PLEASE READ THE FOLLOWING TERMS CAREFULLY. BY CLICKING “SIGN UP” ON THE SITE OR BY DOWNLOADING, INSTALLING OR OTHERWISE ACCESSING OR USING THE APP(S) OR THE SERVICE, yaddah, yaddah, yaddah…
For the next six or seven paragraphs, the font will grow smaller and pretty much, it will read like all the other Terms of Use, and all written with capital letters—the equivalency of screaming in a hell and damnation kind of way– we’re “BOUND BY THE FOLLOWING TERMS, INCLUDING THE PRIVACY POLICY.
And this, the usage of terms like Privacy Policy seems benign, and so it might be when used with apps; but there’s another side with far-reaching consequences, like the information stored on our things, like cellphones, tablets and soon to be Internet of Things (IoT).

There’s value to the human signature and a quiet elegance to being able to write in cursive. It’s not an art form, it’s a skillset.

Some of the world’s greatest documents, The Magna Carter, The Declaration of Independence and the Bill of Rights, each a signed manifesto are reminders of the human condition, and hopefulness, as we press on.

There’s no lasting image to a swipe of the finger, it just can’t compare to the swirling ink of a pen. It’s little things like signatures that we need to hold onto. Especially as we enter the Internet of Things (IoT). When machines talk to machines (m2m) and massive amounts of data are transmitted and analyzed in real time. We may need the simple things to remain simple, like ink and it’s staying power.

By then, privacy may no longer be sustainable. Or attainable, as profitable markets shift, change and the economy adapts. What happens then? Will it matter?

The world is smaller than it was, thankfully we have social media. And in a virtual world, it brings us together. You are here.

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Filed under Big Data, facebook, Google, GPS, Internet, Marketability, Privacy, profitability, social media, tech, technology, Twitter

Consumers and Big Data Prep

IoThings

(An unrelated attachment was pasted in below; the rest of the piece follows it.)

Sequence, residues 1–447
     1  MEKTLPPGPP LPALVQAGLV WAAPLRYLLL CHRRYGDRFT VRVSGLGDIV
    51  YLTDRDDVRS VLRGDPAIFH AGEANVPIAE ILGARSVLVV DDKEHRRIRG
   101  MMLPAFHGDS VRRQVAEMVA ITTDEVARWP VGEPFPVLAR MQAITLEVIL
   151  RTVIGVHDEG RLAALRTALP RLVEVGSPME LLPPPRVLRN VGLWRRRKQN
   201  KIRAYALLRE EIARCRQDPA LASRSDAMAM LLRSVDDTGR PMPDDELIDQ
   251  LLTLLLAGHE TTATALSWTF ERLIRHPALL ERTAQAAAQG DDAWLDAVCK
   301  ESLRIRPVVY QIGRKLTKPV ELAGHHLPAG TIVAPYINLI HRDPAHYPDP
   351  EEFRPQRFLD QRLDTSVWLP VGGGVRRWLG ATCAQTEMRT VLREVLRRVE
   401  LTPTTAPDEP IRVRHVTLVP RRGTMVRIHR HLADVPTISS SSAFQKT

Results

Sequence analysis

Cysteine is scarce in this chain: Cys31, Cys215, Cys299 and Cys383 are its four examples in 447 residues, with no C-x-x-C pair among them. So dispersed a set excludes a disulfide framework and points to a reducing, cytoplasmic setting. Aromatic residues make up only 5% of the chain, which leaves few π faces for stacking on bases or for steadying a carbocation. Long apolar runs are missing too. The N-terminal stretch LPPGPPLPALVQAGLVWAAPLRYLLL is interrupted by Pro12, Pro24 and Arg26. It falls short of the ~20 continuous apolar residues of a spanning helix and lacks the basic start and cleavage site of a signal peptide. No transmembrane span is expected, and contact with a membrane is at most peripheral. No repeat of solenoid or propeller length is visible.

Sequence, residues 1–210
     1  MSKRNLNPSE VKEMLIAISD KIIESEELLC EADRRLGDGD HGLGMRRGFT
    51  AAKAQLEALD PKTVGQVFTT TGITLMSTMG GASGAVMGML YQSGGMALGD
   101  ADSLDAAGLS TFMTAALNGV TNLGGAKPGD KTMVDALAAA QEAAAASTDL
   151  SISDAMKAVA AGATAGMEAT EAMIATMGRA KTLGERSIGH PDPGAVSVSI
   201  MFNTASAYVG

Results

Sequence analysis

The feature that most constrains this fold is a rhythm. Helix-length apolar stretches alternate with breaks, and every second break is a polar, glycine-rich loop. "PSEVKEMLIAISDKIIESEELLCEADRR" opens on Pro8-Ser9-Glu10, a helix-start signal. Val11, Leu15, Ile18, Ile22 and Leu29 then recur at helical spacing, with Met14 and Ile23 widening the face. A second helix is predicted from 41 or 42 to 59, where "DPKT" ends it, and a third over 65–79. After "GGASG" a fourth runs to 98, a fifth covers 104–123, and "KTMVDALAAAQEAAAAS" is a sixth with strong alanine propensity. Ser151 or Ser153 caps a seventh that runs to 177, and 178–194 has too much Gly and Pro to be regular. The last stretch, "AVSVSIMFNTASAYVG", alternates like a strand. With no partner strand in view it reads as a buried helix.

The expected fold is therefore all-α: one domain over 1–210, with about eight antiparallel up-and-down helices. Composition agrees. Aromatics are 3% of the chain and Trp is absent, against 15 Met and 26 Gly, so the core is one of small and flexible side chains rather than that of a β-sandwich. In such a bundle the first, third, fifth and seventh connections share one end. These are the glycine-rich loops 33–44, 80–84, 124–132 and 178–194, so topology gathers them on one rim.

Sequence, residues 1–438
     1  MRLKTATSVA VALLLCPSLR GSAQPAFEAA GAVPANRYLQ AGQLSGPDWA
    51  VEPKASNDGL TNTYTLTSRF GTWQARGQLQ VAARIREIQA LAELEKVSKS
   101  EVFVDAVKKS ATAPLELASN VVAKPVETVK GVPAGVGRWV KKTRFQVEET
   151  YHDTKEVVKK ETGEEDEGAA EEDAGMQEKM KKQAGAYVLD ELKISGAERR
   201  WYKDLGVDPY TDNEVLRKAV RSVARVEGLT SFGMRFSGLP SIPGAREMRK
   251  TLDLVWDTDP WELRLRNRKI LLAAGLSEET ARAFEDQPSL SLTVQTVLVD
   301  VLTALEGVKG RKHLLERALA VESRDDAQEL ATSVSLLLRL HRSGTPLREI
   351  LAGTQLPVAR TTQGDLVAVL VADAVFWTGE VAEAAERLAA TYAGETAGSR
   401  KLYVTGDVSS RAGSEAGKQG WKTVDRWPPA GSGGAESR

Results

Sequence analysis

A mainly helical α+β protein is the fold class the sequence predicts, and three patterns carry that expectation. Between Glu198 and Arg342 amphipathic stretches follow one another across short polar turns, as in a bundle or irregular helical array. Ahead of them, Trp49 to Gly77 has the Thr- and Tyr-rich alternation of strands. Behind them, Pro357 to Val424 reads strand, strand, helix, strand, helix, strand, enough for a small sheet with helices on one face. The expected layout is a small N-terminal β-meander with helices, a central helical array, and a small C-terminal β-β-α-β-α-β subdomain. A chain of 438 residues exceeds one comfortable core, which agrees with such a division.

Big Data is here, with its streaming terabytes of information and its misleading name, it is every bit of big and then some; more accurately it’s humongous!

The Digital Age is triggered by more than just the Internet of things, those smart and intelligent devices that will be collecting and transmitting goo-gobs of data, it’s also analyzing that data. Adapting and recognizing the patterns and all of this, in real time.

Real time… Yes, those are dots in my sentence. Ellipses that are meant to indicate a moment of silence. Because the era of static data, as we’ve known it is passing and along with it, our swagger and our understanding of how it worked.

Back then, we knew that Google and search engines in general, like to collect data. We knew about cookies; about saved IP addresses and that our internet habits, were being stored. We knew that the static websites we visited didn’t change; and the way we surfed, registered and played on platforms was analyzable and vulnerable.

We might have never understood the logic in a public Beta release, but we learnt how to download apps to fix the inevitable bugs, inherent in an early product release. And even greater than this, we learnt patience. We knew and chose our game pieces, internet avatars to represent our likenesses. We smiled when days later, having been off the internet for a while, we’d log back onto the web and find our little selves still there, waiting for us.

Manufacturers are preparing to open the gates, to release the first products in the Internet of Things. Soon Big Data will be upon us. It’s a game changer and the key players are businesses. How they adapt, their scalability will determine the outcome.

We, the end users, the consumers of the Internet of Things are preparing to make our selections. It’s been estimated that each one of us will have approximately 6 devices. And each device will add to the stream of data collected.

I hope it goes well. I hope that businesses can gain insight and serve their customers better; that they turn a profit; and hire more women (at equal pay for equal work). I hope that business applications become more innovative and push forward and not sit back on their laurels.

I hope for the success of Big Data, because I’m an end-user and I know that when IT goes badly, IT flows downhill.

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Filed under Baby boomers, Big Data, Consumers, gadget, Gender Equality, Girls, Google, ipad, Marketability, small business, streaming, tech, technology, Women